This book takes stock of the results of some two decades of intensive archaeological research carried out on both sides of the Bay of Bengal, in combination with renewed approaches to textual sources and to art history. To improve our understanding of the trans-cultural process commonly referred to as Indianisation, it brings together specialists of both India and Southeast Asia, in a fertile inter-disciplinary confrontation. Most of the essays reappraise the millennium-long historiographic no-man's land during which exchanges between the two shores of the Bay of Bengal led, among other processes, to the Indianisation of those parts of the region that straddled the main routes of exchange. Some essays follow up these processes into better known ""classical"" times or even into modern times, showing that the localisation process of Indian themes has long remained at work, allowing local societies to produce their own social space and express their own ethos.
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The unilateral concept of "Indianisation of Southeast Asia" advocated by the earlier scholars since the 1930s has been challenged in various ways over the last forty years. Recent archaeological discoveries in Southeast Asia and South Asia have revealed the interactions between these two regions extending to even before the so-called Indianisation of Southeast Asia began. This volume, a product of an international conference on the interactions between these two regions, provides us with a good picture of the present state of studies through an elaborate Introduction which assesses the past and present research and twenty-three specialized papers divided into two broad sections-the archaeological evidence for interactions and localisation in Southeast Asia. This book is a great contribution not only to the study of early Southeast Asian history, but also to the history of Asia and the world in general by reappraising the concept of "Indianisation." --Noboru Karashima, Professor Emritus, Tokyo University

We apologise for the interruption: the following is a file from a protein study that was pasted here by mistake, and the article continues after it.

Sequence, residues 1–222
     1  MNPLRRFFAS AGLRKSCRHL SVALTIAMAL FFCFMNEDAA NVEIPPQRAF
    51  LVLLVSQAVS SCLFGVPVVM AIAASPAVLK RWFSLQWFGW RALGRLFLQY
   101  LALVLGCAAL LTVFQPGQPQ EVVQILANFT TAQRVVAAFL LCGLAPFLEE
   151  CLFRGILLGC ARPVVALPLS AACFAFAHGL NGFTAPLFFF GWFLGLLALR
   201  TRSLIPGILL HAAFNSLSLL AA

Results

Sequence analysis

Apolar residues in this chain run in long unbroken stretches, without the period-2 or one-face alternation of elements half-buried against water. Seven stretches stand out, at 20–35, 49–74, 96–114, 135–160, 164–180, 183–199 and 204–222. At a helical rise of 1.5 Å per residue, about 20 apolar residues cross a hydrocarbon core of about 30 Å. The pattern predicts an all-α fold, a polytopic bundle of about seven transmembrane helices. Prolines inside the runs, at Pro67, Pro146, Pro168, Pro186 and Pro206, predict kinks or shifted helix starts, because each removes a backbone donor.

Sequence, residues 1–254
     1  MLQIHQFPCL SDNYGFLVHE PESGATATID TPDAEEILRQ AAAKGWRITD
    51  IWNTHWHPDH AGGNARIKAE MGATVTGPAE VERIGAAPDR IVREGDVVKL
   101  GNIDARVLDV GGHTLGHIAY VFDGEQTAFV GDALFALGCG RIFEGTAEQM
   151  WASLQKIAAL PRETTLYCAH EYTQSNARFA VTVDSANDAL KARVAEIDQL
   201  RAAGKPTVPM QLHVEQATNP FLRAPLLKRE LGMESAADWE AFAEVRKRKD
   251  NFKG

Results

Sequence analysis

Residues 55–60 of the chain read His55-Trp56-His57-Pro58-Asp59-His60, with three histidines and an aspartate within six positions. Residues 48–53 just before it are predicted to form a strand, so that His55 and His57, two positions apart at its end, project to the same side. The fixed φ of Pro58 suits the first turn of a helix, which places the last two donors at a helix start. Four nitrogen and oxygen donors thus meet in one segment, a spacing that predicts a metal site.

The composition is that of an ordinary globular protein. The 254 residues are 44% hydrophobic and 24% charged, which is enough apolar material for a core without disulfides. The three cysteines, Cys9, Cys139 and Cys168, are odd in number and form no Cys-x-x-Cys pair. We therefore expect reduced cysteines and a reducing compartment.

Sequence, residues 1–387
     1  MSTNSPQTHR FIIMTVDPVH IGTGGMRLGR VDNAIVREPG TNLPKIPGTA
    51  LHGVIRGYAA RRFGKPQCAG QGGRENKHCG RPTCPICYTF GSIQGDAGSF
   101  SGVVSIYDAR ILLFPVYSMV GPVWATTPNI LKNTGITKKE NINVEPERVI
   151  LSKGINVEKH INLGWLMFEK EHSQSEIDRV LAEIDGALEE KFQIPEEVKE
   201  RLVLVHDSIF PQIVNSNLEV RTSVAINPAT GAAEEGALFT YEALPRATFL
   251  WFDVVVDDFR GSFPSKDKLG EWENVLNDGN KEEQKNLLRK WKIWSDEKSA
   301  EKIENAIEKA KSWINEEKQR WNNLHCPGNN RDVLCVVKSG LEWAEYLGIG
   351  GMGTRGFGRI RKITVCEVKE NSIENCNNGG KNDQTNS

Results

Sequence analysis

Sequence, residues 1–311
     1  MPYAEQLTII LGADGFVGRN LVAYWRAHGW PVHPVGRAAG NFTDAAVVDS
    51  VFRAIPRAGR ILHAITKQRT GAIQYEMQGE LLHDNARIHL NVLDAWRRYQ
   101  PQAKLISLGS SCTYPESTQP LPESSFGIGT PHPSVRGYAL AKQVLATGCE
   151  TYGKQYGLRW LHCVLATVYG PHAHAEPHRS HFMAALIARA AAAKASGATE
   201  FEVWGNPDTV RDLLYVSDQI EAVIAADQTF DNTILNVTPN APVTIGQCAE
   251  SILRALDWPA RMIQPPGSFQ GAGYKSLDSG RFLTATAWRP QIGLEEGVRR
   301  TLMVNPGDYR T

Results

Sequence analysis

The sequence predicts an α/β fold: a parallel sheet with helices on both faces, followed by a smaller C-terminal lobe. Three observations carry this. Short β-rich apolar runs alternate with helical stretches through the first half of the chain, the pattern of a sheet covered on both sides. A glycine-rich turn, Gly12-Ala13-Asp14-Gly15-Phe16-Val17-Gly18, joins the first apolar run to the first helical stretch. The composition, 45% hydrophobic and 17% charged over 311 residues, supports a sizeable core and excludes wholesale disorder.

The study of intellectual exchange between South and Southeast Asian has lain almost dormant for the past 50 years. In the 1960s, the concept of Indianization which had long dominated the historiography of Southeast Asia was intellectually exhausted and scholars no longer found the assumptions underlying it credible. The pendulum swung in the direction of "local genius" as a framework within which to reconstruct the evolution of Southeast Asian civilization. As the idea of Indianisation waned in tandem with colonialism, so in 2011 the post colonial focus on nationalistic narratives is in decline. The pendulum is swinging back to midpoint between extremes. The essays in this volume summarize a wealth of newly-acquired archaeological data which enables scholars to formulate clearer insights into centuries of interaction between the two regions. The new studies emphasize insights into centuries of interation between the two regions. The new studies emphasise the localisation of South Asian cultural elements in Southeast Asia, what one might term the "Southeast Asianisation" of artistic, architectural, linguistic, and religious attributes as they crossed the Bay of Bengal and reached Southeast Asian shores. This new perspective should enable the South-Southeast Asia nexus to take its proper place among the major examples of intensive long-term cultural exchange in world history. --John N. Miksic, Southeast Asian Studies, National University of Singapore
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